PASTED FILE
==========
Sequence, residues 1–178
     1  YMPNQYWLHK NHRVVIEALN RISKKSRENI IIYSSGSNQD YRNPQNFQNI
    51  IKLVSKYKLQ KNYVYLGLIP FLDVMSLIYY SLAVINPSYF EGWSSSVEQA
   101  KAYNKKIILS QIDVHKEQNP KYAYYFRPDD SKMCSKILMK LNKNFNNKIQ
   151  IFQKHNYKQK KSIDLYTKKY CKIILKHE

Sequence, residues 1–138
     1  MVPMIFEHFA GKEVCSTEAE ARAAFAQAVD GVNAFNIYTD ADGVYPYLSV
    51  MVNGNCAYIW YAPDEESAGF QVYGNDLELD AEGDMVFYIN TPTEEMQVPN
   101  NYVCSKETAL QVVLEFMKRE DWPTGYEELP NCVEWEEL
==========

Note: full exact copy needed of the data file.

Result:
Sequence, residues 1–178
     1  YMPNQYWLHK NHRVVIEALN RISKKSRENI IIYSSGSNQD YRNPQNFQNI
    51  IKLVSKYKLQ KNYVYLGLIP FLDVMSLIYY SLAVINPSYF EGWSSSVEQA
   101  KAYNKKIILS QIDVHKEQNP KYAYYFRPDD SKMCSKILMK LNKNFNNKIQ
   151  IFQKHNYKQK KSIDLYTKKY CKIILKHE

Sequence, residues 1–138
     1  MVPMIFEHFA GKEVCSTEAE ARAAFAQAVD GVNAFNIYTD ADGVYPYLSV
    51  MVNGNCAYIW YAPDEESAGF QVYGNDLELD AEGDMVFYIN TPTEEMQVPN
   101  NYVCSKETAL QVVLEFMKRE DWPTGYEELP NCVEWEEL